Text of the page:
I’ve been thinking a bit about applying some graph theory concepts to Roam, and others have expressed interest. This thread exists to further discussion on the idea, and implementation.
Why Pursue This
I’m sure I won’t have to argue that being able to view a network of links is great. I think by utilising some graph theory concepts (namely centrality and communities) we can make it easier to
- identify important ideas in the network
- identify closely linked clumps of notes
- make the graph nicer to look at.
I think the benefits of 1-2 are clear. 3 is a nice bonus which comes with them.
I propose sizing nodes based on importance/centrality, and colouring them based on groups/communities.
I suspect that applying Graph Theory to the note links network will make it easier to identify particular items of interest, and gain a more accurate picture of the overall state of the network.
I’ll try to just give a brief overview of the relevant ideas, and the relevant formula so you can get a rough idea for the form of the calculations involved. I’ve left out details on the formula because I doubt that that’s of interest, and Wikipedia exists .
V = vertices = nodes = notes
E = edges = connections = links
A measure of importance. A simplistic measure is how many connections a note has, however this fails to take into account how important the notes connected to are. To account for this, one arrives at a recursive definition. At this point matrix algebra and eigenvectors get involved. This is 𝓞 (V³).
I’d consider using a tweaked version of this, namely page-rank (eigenvector centrality + starting weight + weight based on vertex degree), but experimenting with other variants.
Good for finding vertices which are connected a lot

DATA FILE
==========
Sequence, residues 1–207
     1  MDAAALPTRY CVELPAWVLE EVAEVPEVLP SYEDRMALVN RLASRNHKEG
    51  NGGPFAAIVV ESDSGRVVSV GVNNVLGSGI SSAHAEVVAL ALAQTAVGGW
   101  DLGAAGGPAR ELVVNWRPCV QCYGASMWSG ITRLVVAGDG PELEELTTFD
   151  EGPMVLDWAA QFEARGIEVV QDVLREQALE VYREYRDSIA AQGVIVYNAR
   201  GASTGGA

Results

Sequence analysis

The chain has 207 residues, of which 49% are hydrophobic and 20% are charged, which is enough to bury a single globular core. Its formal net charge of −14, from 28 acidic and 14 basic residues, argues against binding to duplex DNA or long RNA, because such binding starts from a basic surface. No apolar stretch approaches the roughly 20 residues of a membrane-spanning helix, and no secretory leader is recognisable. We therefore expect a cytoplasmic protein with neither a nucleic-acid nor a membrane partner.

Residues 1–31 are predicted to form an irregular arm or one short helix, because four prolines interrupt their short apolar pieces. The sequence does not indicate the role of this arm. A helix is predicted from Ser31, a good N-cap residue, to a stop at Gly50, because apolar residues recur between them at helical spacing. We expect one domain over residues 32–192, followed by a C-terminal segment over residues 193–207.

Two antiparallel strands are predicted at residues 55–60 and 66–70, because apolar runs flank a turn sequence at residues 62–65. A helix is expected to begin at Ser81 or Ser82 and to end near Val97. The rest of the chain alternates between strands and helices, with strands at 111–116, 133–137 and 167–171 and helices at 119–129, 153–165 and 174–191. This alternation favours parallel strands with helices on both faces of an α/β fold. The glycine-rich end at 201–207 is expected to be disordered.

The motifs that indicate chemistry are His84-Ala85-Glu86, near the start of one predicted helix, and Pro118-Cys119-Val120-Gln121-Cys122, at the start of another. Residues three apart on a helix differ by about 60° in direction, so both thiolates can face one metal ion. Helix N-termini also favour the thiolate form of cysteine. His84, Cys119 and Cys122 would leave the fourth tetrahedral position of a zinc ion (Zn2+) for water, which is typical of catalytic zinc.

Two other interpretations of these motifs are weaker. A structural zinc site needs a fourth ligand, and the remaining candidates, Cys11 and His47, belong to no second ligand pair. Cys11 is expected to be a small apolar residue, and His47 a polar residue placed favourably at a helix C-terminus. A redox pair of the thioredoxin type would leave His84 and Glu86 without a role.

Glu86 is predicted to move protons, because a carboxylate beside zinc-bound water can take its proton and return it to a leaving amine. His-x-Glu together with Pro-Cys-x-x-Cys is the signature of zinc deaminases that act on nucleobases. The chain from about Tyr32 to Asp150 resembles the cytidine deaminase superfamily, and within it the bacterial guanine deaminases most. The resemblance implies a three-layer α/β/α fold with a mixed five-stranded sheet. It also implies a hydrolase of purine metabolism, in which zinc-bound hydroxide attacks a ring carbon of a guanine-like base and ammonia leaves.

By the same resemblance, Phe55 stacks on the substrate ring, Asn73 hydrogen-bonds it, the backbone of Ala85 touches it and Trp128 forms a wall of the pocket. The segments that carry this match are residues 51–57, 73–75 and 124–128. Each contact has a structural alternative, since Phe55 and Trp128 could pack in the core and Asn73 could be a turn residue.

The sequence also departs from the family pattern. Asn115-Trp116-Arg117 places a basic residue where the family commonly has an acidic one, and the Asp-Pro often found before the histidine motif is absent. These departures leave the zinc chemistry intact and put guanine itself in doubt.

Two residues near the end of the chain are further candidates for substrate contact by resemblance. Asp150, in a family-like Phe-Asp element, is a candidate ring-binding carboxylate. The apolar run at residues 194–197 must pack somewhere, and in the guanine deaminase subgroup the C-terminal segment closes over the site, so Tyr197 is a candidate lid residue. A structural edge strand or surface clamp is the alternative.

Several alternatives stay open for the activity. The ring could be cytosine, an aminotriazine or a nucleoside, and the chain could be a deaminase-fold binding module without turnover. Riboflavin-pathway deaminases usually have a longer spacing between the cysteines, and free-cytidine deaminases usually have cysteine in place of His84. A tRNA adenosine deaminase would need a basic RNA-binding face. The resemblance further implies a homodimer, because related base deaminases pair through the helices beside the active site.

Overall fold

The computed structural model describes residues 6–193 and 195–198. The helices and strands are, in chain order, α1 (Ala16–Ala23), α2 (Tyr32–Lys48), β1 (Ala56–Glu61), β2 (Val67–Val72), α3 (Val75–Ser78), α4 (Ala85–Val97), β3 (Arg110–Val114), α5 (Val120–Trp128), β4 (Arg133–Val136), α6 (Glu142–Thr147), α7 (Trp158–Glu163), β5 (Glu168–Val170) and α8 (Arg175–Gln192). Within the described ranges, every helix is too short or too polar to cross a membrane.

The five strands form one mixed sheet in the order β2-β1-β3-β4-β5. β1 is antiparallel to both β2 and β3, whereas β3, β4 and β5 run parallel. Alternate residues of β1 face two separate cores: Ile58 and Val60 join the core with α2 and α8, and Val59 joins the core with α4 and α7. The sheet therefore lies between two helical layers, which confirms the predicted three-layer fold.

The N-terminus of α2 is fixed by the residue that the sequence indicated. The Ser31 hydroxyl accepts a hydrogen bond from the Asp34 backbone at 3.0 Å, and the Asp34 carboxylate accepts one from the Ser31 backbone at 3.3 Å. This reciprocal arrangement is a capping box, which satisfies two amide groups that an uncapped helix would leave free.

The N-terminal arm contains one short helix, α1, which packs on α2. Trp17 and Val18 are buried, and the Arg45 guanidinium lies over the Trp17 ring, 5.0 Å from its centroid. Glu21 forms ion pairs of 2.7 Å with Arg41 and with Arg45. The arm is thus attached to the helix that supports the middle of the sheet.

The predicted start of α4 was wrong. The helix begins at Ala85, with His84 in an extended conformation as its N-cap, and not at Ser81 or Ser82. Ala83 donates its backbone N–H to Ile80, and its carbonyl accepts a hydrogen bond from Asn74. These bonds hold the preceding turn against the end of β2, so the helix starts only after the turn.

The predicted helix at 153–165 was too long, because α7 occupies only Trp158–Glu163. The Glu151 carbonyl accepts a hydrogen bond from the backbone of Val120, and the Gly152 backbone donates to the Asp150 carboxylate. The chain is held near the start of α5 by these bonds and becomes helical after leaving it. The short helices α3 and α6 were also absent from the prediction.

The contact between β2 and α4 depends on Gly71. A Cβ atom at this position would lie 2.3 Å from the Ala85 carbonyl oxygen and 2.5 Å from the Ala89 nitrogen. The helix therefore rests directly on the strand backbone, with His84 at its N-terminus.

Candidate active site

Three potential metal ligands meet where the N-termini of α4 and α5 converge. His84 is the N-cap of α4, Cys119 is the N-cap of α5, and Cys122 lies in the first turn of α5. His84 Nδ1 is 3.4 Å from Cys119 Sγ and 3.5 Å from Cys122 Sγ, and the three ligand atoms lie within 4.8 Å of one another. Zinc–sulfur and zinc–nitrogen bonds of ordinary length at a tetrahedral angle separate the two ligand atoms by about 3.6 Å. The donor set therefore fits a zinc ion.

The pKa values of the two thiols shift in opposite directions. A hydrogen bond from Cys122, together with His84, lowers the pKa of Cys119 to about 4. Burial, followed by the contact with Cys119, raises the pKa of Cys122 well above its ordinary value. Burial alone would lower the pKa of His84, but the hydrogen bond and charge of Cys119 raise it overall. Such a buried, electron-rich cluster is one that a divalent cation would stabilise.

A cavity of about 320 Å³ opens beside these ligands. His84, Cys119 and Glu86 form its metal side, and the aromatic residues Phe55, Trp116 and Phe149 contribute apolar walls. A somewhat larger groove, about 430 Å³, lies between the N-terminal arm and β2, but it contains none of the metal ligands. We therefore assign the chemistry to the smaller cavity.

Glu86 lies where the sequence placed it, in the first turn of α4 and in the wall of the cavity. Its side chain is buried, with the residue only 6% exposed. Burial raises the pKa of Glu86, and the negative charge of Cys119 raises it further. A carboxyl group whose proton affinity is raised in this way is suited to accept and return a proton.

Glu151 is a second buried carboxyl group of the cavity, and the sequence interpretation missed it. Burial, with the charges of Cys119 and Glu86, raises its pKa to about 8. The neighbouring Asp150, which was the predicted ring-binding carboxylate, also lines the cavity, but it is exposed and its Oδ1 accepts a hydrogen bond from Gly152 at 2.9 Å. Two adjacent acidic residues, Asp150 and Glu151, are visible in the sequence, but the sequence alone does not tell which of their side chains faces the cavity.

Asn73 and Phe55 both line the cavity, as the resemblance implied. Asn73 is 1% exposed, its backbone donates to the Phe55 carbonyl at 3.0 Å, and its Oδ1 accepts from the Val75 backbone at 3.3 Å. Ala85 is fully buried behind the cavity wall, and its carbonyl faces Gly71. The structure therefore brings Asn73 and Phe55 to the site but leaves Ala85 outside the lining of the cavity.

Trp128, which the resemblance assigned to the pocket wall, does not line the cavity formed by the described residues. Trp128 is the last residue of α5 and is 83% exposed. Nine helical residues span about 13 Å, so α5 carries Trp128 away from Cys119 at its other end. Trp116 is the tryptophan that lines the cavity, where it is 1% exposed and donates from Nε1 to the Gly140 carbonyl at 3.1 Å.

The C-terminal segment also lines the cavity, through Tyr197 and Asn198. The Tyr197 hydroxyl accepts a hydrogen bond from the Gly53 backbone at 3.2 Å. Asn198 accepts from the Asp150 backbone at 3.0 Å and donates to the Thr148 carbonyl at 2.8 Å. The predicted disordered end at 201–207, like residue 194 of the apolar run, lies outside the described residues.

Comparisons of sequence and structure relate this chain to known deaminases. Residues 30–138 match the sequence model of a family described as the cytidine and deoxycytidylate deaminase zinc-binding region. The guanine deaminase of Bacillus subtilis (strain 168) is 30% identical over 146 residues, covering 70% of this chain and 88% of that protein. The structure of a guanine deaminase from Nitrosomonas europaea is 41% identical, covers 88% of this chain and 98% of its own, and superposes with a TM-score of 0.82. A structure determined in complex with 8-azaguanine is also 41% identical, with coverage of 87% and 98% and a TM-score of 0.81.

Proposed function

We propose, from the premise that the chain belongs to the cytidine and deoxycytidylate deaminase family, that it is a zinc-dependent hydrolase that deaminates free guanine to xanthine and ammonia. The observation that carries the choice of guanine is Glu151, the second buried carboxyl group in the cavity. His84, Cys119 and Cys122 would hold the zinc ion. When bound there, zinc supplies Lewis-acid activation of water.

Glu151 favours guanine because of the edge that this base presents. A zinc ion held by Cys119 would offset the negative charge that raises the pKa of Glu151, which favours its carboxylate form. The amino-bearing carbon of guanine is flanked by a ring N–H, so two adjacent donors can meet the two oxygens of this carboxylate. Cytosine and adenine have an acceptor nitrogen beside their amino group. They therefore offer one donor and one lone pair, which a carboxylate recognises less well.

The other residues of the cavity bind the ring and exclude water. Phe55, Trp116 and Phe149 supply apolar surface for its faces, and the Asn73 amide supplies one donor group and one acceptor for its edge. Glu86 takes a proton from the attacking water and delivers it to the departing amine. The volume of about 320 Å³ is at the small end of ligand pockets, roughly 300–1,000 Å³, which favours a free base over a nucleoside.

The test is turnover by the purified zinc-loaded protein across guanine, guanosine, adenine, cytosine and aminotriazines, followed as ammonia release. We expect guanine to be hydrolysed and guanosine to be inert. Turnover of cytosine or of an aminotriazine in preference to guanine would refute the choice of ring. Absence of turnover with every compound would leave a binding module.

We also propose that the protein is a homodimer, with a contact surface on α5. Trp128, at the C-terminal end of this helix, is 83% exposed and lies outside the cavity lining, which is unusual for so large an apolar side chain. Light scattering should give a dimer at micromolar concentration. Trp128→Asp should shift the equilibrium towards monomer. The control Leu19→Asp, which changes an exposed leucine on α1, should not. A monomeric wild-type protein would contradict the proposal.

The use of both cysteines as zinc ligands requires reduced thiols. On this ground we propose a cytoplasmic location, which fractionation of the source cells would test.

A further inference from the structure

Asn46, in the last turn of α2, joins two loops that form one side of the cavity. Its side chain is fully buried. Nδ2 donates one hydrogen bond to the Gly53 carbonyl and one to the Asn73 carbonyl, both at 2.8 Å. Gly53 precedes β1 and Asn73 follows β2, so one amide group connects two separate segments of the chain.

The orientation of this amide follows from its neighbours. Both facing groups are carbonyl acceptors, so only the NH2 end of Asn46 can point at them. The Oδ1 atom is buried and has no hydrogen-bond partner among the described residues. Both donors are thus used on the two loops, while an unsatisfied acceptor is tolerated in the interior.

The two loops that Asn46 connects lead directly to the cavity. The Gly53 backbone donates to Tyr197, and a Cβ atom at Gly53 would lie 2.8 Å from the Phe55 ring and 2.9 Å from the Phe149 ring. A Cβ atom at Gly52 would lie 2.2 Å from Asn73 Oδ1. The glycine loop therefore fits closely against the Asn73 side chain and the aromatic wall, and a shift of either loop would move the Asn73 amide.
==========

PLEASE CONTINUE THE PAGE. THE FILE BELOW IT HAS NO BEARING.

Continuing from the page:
A diferent take on the same idea (importance). The extent to which a vertex lies on the shortest path route between other vertices. 𝓞 (VE)
Good for finding vertices which bridge large groups of vertices
Basically incrementally picking off the nodes with < k connections, until nothing remains. 𝓞 (V).
Good for finding a tightly-connected core
Clusters of closely-related vertices.
Greedy Modular Communities
Modularity is (roughly speaking) a measure of how many connections occur within communities vs. across communities. Maximising this (which can be done greedily) is an approach which generally works well. 𝓞 (N log N)
Good for finding clumps of tightly-connected vertices
Implementing this in
elisp would be (1) a huge effort (2) likely run into performance issues.
Common libraries exist in
R, however, performance would likely still be an issue, and requiring say,
R libraries would make end-user installation a prohibitive hassle.
From my googling so far, the most promising option appears to be making use of https://igraph.org/ to create a
c++ source file which can be compiled on the end-users computer, in a similar manner to vterm. Providing pre-compiled executables would be nice, but I’m not sure how well this would work.
Since the centrality/community values are constant for a particular network structure, my current idea is to add a DB table to store the values to minimise computation, with a form such as this
Then, when the user asks for a view of the graph, these metrics can simply be retrieved if the network has not changed. If the network has, these values would need updating, so the
c++ script could be asynchronously executed, with the results directly written to the DB.
I, for one, am a huge fan of this idea. However, I lack experience with
c++ and therefore am currently unlikely to be able to give this a shot. If someone would be willing to have a go at this, that would be brilliant! While I may not be able to help with language-specific nuances, I would be keen to discuss basically anything else surrounding this.